• As Peter would say to the upright and God-fearing pagan, Cornelius, “God shows no partiality, but in every nation any one who fears him and does what is right is acceptable to him” (Acts 10:34-35). These pagan magi were acceptable to God because they feared God and did what was right. They were led by God’s power to Christ and brought gifts to him and his family—to Mary and Joseph—as Isaiah and the psalmist foresaw.
  • Even though we are not pagans but members of God’s family through Baptism, we too bring our gifts, whatever they are, and lay them at the feet of Christ and his family, the Church.
  • We do this out of gratitude, because of the good that God has done for us. And we bring our gifts in a spirit of service for anyone in need.
    • As the Psalmist foresaw, “he shall rescue the poor when he cries out, and the afflicted when he has no one to help him. He shall have pity for the lowly and the poor; the lives of the poor he shall save.
    • Christ gives to the world what the world needs but he gives it through human instruments. We are those instruments.

Doctrine: The Church, sacrament of human unity

  • The Church is the sacrament of human unity. This means the Church is both a sign of human unity and the means by which this unity is realized. This unity is the community or communion or friendship or fellowship or family or even marriage among the human beings joined to Christ through his Church.
  • God’s will is to “gather all his children into the unity of the Church.” These children of God are first the Jews and then later the Gentiles. (CCC 60)
  • This human unity is the work of the Holy Spirit acting through the Church. “As the ‘convocation’ of all men for salvation, the Church . . . is . . . sent by Christ to all the nations to make disciples of them.” (CCC 767)
  • “The seven sacraments are the signs and instruments by which the Holy Spirit spreads the grace of Christ the head throughout the Church which is his Body. The Church, then, both contains and communicates the invisible grace she signifies.” (CCC 774)
  • Thus, the Church “is like a sacrament—a sign and instrument, that is, of communion with God and of unity among all men.” First, a sign and instrument of “the inner union of men with God. Then, a sign and instrument of “the unity of the human race as “she gathers men ‘from every nation, from all tribes and peoples and tongues’.” This gathering has begun but it is not yet fully realized. (CCC 775)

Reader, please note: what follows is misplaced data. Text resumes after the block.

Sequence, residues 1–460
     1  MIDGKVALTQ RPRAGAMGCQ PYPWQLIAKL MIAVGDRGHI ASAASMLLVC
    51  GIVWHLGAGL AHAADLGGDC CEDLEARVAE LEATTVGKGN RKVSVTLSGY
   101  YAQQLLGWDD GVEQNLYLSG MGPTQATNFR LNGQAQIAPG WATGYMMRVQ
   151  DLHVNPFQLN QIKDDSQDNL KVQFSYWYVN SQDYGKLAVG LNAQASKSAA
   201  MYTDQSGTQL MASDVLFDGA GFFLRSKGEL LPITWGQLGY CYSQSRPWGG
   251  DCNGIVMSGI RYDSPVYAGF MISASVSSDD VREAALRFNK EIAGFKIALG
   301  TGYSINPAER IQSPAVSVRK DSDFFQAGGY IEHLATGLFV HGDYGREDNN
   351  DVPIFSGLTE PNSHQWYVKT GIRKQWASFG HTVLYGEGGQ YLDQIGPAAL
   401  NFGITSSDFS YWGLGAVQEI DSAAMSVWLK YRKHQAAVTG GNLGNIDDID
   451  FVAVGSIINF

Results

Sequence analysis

• The Church is Christ’s instrument in this task of showing and making real God’s love for men. “God desires ‘that the whole human race may become one People of God, form one Body of Christ, and be built up into one temple of the Holy Spirit’.” (CCC 776)
  • Even though everyone who “fears God and does what is right” is acceptable to God, he has “willed to make men holy and save them, not as individuals without any bond or link between them, but rather to make them into a people who might acknowledge him and serve him in holiness.” This is the meaning of salvation history, beginning with the Jews and their covenants with God and culminating with Christ and his New Covenant, in which he calls “together a race made up of Jews and Gentiles which would be one, not according to the flesh, but in the Spirit.” (CCC 781)

Practical application: Growing in human unity

  • CCC 775 speaks of a double but interrelated unity. Each of us has a part to play in this unity.
    • First is our “inner union . . . with God.” We really can meet God each day by reading and meditating on the Sacred Scriptures and by the reception of Holy Communion.
      • As Pope Francis put it, “I invite all Christians, everywhere, at this very moment, to a renewed personal encounter with Jesus Christ, or at least an openness to letting him encounter them; I ask all of you to do this unfailingly each day. No one should think that this invitation is not meant for him or her, since ‘no one is excluded from the joy brought by the Lord.’” (“Love is Our Mission” catechesis for the World Meeting of Families, September 2015).
    • Second is our union with all other persons through friendship and apostolate. Like the magi who brought their gifts to the Christ Child or the people from the ends of the earth who will bring their gifts to Jerusalem, we bring our gifts in service to our fellow man.
      • Our inner union with God helps us to see what gifts we have to offer for others’ good and salvation. This inner union also motivates us to actually give them. The gifts we offer our fellow man are the gold, frankincense, and myrrh we lay at the cradle of Christ.
      • Like St. Paul, we are stewards of God’s grace given for the benefit of others. The gifts we have to offer are everything good we might possess: goodness, beauty, truth, time, talents, treasures, physical strength, knowledge and understanding, courage, kindness, friendship, protection, life, correction, humor, weakness, vulnerability, suffering, work, craftsmanship, skill–and many others.

Written as an aid for homilists and a resource for the faithful, this doctrinal homily outline (1) provides insights into the Lectionary readings, (2) explicates a doctrine of Catholic Faith or morals from them, and (3) shows specific ways lay persons can live these truths. (To read more about this approach, click here.)

This outline is written to be in accord with the Homiletic Directory issued by the Congregation for Divine Worship and the Discipline of the Sacraments (2014). (To read an excellent summary of the Homiletic Directory, click here.)